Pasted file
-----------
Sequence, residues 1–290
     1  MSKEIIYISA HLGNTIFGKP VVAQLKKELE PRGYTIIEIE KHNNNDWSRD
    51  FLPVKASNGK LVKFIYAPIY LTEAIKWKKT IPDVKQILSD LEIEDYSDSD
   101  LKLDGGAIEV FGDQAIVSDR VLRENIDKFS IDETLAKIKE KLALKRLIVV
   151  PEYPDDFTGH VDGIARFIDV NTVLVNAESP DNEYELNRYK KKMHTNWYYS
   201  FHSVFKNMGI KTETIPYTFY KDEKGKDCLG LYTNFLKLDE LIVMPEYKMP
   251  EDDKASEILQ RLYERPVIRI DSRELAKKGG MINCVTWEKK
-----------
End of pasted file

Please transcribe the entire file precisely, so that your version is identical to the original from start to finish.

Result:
Sequence, residues 1–290
     1  MSKEIIYISA HLGNTIFGKP VVAQLKKELE PRGYTIIEIE KHNNNDWSRD
    51  FLPVKASNGK LVKFIYAPIY LTEAIKWKKT IPDVKQILSD LEIEDYSDSD
   101  LKLDGGAIEV FGDQAIVSDR VLRENIDKFS IDETLAKIKE KLALKRLIVV
   151  PEYPDDFTGH VDGIARFIDV NTVLVNAESP DNEYELNRYK KKMHTNWYYS
   201  FHSVFKNMGI KTETIPYTFY KDEKGKDCLG LYTNFLKLDE LIVMPEYKMP
   251  EDDKASEILQ RLYERPVIRI DSRELAKKGG MINCVTWEKK